• Highly specific, tricky, or unusual situations

How Chicology uses video in their customer service

“We took the initiative to just Facetime customers on our own phones to help them troubleshoot,” shares Go.

“Customers often struggle with picking the right size, design consultation, choosing the right fabric privacy/color, and installing the blinds. We create videos and written content to help with all of this, but a VIP video chat can help the customer like no other,” he adds.

The solution worked so well that Go said they decided to incorporate the service together with the launch of Chicology’s new website.

According to him, they intend to use Skype with an iPad. “That’s the simplest yet best setup we came up with. We are using a simple form submission tool to let customers book 30 minute blocks.”

While the video chat service isn’t officially live yet (it will be once their new site launches), Go says that they’ve given it a try a few times and have received positive feedback. “They [the customers] are blown away and very appreciative that someone would take the time to provide genuine help like that.”

How to provide video chat for customer service: 6 tips

The right video strategy depends on your customer support practices as well as the needs of your shoppers. There isn’t a one-size-fits-all platform or strategy, so it’s important to take the following steps to ensure the success of your initiatives.

Get clear on your objectives

Firstly, recognize that video isn’t right for everyone. If you do decide to incorporate it into your customer service strategy, you need to iron out the appropriate times to use video. For instance, while video calls are great for addressing unique and complex customer situations, they’re not the most efficient medium for answering basic and common questions — that’s what FAQs are for.

Part of figuring all that out involves getting clear on the purpose of video in your customer service strategy. Can video showcase your collection better? Do you constantly find yourself having to “show” customers how to do something? Specifically, how will video help your CSRs and shoppers?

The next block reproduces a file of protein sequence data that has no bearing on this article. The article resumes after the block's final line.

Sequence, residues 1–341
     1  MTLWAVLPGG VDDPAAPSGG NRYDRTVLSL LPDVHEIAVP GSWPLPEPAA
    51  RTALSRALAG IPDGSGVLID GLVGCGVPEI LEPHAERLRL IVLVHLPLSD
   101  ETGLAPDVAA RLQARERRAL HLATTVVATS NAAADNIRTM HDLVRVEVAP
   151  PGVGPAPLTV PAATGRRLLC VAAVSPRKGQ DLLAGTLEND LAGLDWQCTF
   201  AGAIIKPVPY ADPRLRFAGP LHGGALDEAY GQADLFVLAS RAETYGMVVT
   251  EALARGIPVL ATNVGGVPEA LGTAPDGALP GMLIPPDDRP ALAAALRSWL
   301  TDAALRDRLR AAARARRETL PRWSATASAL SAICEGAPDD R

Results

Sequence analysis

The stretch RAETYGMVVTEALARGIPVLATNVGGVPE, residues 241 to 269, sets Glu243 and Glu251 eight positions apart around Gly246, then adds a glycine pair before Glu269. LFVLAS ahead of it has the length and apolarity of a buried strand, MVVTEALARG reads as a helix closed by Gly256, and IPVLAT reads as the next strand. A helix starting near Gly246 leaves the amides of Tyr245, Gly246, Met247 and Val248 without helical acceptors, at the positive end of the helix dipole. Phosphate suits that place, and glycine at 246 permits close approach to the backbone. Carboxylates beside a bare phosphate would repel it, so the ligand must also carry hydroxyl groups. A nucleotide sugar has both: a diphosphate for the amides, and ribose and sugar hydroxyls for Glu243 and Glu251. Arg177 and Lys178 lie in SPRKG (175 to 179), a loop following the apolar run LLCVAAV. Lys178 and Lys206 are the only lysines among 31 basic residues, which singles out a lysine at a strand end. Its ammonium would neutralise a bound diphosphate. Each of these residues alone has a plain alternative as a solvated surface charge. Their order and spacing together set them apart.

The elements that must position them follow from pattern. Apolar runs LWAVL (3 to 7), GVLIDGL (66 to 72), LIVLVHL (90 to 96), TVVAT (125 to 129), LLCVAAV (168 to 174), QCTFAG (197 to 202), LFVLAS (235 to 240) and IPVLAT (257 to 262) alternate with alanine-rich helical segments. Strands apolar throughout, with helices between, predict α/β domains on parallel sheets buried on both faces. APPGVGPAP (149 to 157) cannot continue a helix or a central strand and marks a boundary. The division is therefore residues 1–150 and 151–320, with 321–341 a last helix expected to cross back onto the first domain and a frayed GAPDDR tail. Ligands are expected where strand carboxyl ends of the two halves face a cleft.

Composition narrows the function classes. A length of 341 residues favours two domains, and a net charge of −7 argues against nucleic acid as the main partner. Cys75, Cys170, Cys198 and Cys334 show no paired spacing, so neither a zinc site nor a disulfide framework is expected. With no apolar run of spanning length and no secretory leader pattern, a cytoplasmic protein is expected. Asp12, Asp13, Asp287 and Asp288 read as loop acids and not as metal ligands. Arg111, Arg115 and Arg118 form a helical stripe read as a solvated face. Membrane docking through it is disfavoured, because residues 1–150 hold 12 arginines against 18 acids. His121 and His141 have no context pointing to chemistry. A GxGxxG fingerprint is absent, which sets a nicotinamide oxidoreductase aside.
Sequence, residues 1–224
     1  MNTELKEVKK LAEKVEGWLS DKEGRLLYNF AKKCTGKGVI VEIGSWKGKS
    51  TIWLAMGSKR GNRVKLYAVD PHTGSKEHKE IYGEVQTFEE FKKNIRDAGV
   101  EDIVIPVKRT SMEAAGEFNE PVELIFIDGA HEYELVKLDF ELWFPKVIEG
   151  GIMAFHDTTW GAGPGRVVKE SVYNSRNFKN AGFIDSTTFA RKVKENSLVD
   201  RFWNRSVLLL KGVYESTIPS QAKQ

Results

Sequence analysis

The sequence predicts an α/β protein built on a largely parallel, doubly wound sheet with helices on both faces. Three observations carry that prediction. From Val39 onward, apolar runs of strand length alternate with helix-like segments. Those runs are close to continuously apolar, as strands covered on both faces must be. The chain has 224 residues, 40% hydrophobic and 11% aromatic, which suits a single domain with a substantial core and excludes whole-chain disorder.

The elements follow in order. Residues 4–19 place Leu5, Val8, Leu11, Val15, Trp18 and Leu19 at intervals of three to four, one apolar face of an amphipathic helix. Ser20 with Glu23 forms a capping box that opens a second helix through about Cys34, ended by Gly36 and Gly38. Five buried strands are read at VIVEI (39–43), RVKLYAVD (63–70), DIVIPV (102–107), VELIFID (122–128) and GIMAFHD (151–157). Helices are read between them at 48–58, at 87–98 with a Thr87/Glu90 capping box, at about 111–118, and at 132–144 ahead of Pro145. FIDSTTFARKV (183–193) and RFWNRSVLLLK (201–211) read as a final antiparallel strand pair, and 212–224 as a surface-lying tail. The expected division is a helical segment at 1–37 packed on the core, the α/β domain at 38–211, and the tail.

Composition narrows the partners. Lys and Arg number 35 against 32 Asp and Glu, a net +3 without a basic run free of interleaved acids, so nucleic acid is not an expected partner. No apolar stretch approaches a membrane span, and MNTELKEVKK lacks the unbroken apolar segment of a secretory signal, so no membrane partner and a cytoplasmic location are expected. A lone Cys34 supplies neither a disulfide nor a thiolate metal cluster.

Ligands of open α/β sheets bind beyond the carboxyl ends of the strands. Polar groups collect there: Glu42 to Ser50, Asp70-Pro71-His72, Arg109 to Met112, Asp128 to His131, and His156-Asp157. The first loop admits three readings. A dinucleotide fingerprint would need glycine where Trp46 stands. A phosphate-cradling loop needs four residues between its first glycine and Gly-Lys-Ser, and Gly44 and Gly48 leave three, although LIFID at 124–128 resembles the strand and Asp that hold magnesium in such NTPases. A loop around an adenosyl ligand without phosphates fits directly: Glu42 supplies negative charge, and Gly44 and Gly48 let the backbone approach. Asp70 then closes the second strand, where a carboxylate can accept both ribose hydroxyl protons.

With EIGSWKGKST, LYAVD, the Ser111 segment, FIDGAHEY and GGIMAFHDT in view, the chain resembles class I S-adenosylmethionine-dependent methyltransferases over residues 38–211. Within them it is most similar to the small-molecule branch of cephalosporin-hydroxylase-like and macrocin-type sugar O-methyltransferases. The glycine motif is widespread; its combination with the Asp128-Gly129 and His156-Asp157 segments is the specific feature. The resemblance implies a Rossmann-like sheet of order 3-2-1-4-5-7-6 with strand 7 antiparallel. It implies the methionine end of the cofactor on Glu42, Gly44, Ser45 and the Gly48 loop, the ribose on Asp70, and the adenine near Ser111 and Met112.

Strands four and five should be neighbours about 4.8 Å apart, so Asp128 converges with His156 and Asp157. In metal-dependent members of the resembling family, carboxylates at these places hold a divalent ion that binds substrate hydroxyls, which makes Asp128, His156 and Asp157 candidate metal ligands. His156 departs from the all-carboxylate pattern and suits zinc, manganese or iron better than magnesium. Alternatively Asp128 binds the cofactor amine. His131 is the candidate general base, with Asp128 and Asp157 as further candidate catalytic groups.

Aside from helping you gain clarity into why you need video chat, answering the questions above will also help you determine the features and capabilities you need in a platform.

And this brings us to our next point…

Know your audience

“I think there’s an opportunity for all types of retailers to use video in service to their customers but they need to know their customers in order to understand which types of videos will be most meaningful,” says Guillot.

“Does your customer prefer to self-navigate or do they prefer a high level of guidance? The former will like pre-recorded knowledge videos while the latter might like real-time video chat. Often a blend works best and it’ll take some experimenting to find an effective mix.”

Audience demographic can also be a factor.  According to Statista, 61% of cell phone owners in the US aged 18-29 have used video chat or video call services, while only 9% of those 65 years and older have used them.

If you cater to younger consumers, then video chat can be a huge hit. However, the same thing can’t be said when you’re dealing with customers in their 50s or 60s.

Select the right video solution

The video platform on which you conduct your calls is an essential consideration. You need a reliable solution that’ll enable you and your customers to easily converse. At this stage, you’ll want to come up with a list of requirements you need in a solution.

For instance, do you just need to speak to your customers using their camera or is screen sharing required? Do you need additional bells and whistles like on-screen chat or a gallery featuring your products? Do you need your own branded video solution?

These questions will point you in the right direction and help you figure out the best solution for your needs. Depending on your requirements, one or more of these solutions may be a good fit:


If you don’t need anything beyond basic video chat, then kicking things off via Facetime is a good way to go. It’s easy to implement and you don’t need to develop your own software to get up and running.